I

Marble that has become dirty by ordinary use or exposure may be cleaned by a simple bath of soap and water.

If this does not remove stains, a weak solution of oxalic acid should be applied with a sponge or rag, washing quickly and thoroughly with water to minimize injury to the surface.

Rubbing well after this with chalk moistened with water will, in a measure, restore the luster. Another method of finishing is to apply a solution of white wax in turpentine (about 1 in 10), rubbing thoroughly with a piece of flannel or soft leather.

If the marble has been much exposed, so that its luster has been seriously impaired, it may be necessary to repolish it in a more thorough manner. This may be accomplished by rubbing it first with sand, beginning with a moderately coarse-grained article and changing this twice for finer kinds, after which tripoli or pumice is used. The final polish is given by the so-called putty powder. A plate of iron is generally used in applying the coarse sand; with the fine sand a leaden plate is used; and the pumice is employed in the form of a smooth-surfaced piece of convenient size. For the final polishing coarse linen or bagging is used, wedged tightly into an iron planing tool. During all these applications water is allowed to trickle over the face of the stone.

The putty powder referred to is bin-oxide of tin, obtained by treating metallic tin with nitric acid, which converts the metal into hydrated metastannic acid. This, when heated, becomes anhydrous. In this condition it is known as putty powder. In practice putty powder is mixed with alum, sulphur, and other substances, the mixture used being dependent upon the nature of the stone to be polished.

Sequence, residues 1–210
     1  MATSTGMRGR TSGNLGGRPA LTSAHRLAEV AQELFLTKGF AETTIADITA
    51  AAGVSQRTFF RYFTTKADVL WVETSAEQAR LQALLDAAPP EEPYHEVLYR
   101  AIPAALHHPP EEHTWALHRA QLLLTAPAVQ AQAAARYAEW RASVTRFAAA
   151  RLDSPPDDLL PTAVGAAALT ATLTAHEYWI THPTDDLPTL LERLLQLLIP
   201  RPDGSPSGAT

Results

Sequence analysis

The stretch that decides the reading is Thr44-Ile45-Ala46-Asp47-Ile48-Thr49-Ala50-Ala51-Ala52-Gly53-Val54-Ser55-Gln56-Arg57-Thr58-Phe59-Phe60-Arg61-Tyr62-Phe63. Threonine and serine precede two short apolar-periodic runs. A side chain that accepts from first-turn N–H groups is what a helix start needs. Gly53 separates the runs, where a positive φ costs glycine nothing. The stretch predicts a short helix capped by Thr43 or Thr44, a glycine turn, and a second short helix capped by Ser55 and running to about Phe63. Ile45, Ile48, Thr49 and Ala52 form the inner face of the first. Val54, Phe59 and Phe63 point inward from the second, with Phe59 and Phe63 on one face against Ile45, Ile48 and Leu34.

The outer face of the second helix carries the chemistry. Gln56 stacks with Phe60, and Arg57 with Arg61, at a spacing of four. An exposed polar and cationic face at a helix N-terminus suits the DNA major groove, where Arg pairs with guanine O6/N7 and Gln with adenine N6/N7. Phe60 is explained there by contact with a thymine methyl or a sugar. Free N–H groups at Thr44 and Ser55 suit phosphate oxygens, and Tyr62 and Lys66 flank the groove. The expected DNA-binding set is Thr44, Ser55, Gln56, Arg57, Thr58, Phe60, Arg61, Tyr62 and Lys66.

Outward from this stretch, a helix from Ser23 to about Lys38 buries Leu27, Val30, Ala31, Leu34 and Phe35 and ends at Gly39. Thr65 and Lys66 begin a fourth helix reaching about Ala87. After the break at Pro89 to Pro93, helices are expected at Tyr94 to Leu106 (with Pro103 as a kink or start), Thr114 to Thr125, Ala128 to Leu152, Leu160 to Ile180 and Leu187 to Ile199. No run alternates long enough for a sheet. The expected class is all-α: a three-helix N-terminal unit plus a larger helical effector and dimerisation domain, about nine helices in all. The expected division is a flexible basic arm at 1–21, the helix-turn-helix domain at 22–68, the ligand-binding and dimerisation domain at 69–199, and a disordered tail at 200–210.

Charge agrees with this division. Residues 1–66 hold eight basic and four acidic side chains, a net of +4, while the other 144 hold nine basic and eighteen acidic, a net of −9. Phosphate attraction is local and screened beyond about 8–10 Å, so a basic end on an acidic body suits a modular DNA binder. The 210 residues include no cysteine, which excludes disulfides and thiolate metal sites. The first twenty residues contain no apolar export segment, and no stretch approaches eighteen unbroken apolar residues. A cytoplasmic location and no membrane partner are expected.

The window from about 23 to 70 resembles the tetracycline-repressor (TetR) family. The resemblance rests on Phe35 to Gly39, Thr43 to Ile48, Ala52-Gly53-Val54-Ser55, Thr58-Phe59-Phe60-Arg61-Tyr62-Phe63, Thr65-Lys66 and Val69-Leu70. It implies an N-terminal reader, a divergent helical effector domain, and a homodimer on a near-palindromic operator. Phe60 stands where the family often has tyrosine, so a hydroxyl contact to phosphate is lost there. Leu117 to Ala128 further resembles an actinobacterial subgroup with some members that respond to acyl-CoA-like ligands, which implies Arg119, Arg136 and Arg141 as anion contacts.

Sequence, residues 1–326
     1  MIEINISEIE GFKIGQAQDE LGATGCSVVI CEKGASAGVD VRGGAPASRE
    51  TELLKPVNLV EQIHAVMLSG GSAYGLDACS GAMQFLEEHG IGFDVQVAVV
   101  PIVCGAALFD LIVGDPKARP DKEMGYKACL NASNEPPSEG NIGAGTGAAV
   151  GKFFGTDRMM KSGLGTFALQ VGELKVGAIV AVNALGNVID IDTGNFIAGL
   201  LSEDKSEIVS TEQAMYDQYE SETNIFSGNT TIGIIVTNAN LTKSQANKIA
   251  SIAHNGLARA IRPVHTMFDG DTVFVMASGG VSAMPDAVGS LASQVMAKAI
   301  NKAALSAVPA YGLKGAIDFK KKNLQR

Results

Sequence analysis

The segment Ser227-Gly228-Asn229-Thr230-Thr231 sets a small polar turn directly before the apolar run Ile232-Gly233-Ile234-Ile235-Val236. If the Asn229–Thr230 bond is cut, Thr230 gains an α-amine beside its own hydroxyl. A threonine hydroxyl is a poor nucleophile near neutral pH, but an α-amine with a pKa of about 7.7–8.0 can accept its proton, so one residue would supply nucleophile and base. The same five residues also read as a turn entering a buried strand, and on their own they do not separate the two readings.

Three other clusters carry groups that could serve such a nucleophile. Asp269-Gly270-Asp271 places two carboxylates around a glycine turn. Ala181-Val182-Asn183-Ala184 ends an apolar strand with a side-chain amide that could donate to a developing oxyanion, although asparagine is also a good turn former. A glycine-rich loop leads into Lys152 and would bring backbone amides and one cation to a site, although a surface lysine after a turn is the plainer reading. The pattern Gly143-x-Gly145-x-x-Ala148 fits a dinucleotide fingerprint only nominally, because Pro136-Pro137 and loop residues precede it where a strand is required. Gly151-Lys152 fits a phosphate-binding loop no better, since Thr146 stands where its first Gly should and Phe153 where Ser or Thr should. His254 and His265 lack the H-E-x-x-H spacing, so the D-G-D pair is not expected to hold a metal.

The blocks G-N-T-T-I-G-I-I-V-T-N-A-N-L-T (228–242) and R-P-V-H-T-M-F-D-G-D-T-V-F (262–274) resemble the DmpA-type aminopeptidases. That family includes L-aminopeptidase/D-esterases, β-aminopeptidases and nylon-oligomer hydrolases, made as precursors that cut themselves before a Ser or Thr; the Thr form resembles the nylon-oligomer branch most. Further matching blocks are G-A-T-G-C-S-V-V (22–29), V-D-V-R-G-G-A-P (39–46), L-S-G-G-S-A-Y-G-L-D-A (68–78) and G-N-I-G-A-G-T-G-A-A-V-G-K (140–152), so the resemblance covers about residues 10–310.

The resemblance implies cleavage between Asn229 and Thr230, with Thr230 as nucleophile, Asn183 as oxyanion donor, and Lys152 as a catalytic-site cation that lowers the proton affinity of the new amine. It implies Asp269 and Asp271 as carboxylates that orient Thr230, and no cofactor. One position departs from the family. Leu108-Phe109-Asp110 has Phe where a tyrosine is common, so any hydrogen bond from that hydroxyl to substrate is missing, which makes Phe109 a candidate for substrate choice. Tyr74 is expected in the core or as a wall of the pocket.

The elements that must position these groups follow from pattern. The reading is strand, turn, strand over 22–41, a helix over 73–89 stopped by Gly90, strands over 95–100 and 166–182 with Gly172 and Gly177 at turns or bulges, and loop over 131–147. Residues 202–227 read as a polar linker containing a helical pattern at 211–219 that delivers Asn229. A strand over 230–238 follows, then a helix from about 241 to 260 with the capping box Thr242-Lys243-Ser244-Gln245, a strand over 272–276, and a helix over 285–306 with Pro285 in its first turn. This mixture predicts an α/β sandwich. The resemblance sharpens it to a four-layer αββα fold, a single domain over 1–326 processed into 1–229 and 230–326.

According to Warwick, colored marble should not be treated with soap and water, but only with the solution of beeswax above mentioned.

II

Take 2 parts of sodium bicarbonate, 1 part of powdered pumice stone, and 1 part of finely pulverized chalk. Pass through a fine sieve to screen out all particles capable of scratching the marble, and add sufficient water to form

a pasty mass. Rub the marble with it vigorously, and end the cleaning with soap and water.

III

Ox gall.......... 1 part

Saturated solution of sodium carbonate........... 4 parts

Oil of turpentine.. 1 part Pipe clay enough to form a paste.

IV

Sodium carbonate. 2 ounces Chlorinated lime.. 1 ounce Water........... 14 ounces

Mix well and apply the magma to the marble with a cloth, rubbing well in, and finally rubbing dry. It may be necessary to repeat this operation.

V

Wash the surface with a mixture of finely powdered pumice stone and vinegar, and leave it for several hours; then brush it hard and wash it clean. When dry, rub with whiting and wash leather.

VI

Soft soap.......... 4 parts

Whiting..........4 parts

Sodium bicarbonate 1 part Copper sulphate. .. 2 parts

Mix thoroughly and rub over the marble with a piece of flannel, and leave it on for 24 hours, then wash it off with clean water, and polish the marble with a piece of flannel or an old piece of felt.

VII

A strong solution of oxalic acid effectually takes out ink stains. In handling it the poisonous nature of this acid should not be forgotten.